Paul Daniel

Oct 13, 2023
Mr. Panchal –

Thank you for your question. Most people won’t know about BOD incubators, so please allow me to explain it for others who may read this blog answer.

BOD is an acronym for Biochemical Oxygen Demand. BOD testing is a typical measurement of water quality, by measuring oxygen consumption by aerobic biological organisms. BOD testing is usually done at 20C, thus the need for a controlled environment of an incubator. I will admit, I don’t have any personal experience with BOD incubators, so won’t be able to speak to the effects of powering up or powering down a BOD incubator, other than what I have read on the internet which indicates that BOD calibration should be done daily, so that would be an important part of any intermittent operation. But I can speak to the other part of the question, which is the effects on temperature stability of operating an incubator once every 6 months.

Typically, CTUs (Controlled Temperature Units like freezers, refrigerators, etc) are run continuously as they are used continuously for storage. Incubator operation (or stability chamber as well) can be continuous, but it isn’t unusual for it to be sequential, and have the units powered up when they are needed. In my experience, GxP companies use them both ways. Some leave them on all the time, and others are okay with turning them off for short periods (a few days to a week) when not being used. What is different with the question asked today about the BOD incubator, is that the period between uses is 6 months. The amount of time out of use matters with any kind of equipment.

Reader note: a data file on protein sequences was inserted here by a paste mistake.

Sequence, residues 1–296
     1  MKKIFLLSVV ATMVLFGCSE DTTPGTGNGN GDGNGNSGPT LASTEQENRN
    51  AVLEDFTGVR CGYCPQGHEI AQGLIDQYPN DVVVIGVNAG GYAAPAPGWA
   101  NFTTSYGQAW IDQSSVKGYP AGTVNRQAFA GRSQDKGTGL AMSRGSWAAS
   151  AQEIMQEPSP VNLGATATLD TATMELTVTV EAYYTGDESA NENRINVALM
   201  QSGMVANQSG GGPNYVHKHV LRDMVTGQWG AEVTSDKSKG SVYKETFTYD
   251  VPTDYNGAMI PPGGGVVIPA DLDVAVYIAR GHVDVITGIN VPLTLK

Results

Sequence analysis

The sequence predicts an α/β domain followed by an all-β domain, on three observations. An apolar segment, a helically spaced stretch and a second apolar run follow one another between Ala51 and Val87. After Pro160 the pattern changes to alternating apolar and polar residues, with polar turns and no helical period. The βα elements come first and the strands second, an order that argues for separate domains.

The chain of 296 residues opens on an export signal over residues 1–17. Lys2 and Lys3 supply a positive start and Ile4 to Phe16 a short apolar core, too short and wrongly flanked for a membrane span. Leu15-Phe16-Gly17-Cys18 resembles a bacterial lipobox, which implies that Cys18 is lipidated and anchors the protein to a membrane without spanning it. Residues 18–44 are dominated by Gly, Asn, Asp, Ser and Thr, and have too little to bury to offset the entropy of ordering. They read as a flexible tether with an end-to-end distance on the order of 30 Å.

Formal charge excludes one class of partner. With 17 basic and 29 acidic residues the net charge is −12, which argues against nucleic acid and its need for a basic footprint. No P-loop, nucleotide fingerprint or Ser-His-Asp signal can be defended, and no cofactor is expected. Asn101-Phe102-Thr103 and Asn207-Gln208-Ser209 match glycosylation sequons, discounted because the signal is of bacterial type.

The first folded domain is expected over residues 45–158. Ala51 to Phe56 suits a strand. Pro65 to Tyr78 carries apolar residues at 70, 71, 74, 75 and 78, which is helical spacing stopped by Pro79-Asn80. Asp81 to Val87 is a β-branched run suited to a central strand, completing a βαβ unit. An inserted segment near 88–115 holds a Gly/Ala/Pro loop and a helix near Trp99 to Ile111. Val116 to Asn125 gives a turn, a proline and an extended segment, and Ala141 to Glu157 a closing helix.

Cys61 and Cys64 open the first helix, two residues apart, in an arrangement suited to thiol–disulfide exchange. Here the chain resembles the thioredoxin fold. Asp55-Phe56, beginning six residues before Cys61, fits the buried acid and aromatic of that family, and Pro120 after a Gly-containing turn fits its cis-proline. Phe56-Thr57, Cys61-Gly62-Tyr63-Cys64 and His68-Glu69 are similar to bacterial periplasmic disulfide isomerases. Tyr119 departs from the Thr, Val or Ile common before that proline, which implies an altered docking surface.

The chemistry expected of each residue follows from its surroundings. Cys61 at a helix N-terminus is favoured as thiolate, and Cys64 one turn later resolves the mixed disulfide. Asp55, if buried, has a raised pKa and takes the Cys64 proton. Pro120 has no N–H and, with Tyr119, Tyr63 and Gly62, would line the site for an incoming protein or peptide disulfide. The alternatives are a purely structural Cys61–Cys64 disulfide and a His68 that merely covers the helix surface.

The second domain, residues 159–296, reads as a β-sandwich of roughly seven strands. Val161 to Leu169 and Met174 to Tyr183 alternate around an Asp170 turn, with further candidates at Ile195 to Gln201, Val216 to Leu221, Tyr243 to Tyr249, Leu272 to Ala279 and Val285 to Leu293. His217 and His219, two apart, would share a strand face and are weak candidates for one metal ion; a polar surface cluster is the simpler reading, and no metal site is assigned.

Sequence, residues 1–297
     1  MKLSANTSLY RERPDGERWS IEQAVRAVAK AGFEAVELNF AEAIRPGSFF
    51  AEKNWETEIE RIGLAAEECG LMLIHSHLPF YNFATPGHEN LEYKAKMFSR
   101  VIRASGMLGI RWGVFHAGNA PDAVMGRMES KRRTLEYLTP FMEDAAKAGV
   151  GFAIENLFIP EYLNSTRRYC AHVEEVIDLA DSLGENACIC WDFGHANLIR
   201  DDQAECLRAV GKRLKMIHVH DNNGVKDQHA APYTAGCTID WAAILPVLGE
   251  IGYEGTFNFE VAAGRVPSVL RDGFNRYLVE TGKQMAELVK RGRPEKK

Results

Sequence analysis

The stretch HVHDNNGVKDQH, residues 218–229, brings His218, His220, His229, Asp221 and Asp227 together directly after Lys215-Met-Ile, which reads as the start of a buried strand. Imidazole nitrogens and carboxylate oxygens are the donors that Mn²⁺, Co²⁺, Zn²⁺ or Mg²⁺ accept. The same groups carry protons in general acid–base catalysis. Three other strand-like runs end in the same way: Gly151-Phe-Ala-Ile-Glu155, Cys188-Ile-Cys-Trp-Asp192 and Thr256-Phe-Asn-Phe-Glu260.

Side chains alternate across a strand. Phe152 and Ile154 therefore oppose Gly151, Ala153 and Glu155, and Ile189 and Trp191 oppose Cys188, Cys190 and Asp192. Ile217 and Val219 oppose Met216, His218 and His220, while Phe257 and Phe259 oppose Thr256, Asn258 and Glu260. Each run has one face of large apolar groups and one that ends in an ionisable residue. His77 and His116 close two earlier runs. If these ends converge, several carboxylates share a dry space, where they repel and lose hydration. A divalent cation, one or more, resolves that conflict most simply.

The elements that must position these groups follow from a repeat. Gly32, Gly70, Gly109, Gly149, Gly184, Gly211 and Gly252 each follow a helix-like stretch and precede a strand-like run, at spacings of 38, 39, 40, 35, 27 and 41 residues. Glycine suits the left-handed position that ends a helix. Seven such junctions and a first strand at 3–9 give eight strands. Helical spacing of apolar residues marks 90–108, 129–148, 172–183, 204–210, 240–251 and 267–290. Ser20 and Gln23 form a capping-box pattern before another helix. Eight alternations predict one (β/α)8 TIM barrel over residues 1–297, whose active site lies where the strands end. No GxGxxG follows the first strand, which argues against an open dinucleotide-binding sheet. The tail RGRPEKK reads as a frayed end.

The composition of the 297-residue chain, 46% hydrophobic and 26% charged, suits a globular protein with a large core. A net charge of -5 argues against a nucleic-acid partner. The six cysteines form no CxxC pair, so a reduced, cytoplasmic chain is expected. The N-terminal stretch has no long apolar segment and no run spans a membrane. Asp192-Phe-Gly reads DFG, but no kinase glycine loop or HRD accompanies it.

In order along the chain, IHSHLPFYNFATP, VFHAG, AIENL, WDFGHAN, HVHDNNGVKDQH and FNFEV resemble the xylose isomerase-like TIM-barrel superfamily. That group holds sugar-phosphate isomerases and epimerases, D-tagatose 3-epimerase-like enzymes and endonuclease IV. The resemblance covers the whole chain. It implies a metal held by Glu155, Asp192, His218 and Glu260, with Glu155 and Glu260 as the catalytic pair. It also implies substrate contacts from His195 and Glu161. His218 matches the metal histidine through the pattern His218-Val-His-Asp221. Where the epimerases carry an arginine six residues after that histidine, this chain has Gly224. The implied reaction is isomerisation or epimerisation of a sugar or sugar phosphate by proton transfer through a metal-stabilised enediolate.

I am tempted to make a comparison to an automobile. I am okay with not driving my car for a few days, and I have a reasonable expectation (based on experience) that my car will operate just fine after a week without use. But if I did not drive my car for 6 months, I would not expect that my car would operate normally. At the very least, the battery would need to be recharged and maybe replaced. So, some sort of maintenance and refresh would be needed for an automobile before I would expect to be able to use it reliably and safely after not being used for 6 months.

So back to the incubator. 6 months seems like a long time for an incubator (or other piece of equipment) to be out of use and still have an assumption of safe and reliable use. I would expect, at the very least, that when the incubator was powered back up after 6 months of disuse, there would be some structured and documented tests to show that the incubator was operating and performing as expected, from a temperature stability point of view. Remember, equipment like incubators is typically remapped every 3 years anyway. If using it every 6 months, you really can only expect to get 5 use cycles out of the device before it is time to remap it. Another way to say that is 20% of the times that you turn it on, you should expect to map it again, even if everything was working just fine and there were no negative effects from the period of disuse..

Leaving the equipment on will cost more energy (though not much because the target temperature is only 20C), but it will save you some work at restart. For follow up, I would speak with the manufacturer of your BOD incubator to determine what might change when the incubator is turned off for 6 months.

Your actual question was if there was a “requirement” for the incubator to be run continuously. There is not a specific requirement that an incubator needs to be run continuously. But there is a requirement that you can prove that your incubator is capable to control temperatures within the required specifications, and you introduce some risk when the equipment is powered down for 6 months. GxP regulations, in general, would require that you address this risk.

Best Regards,

Paul Daniel
Sr. GxP Regulatory Expert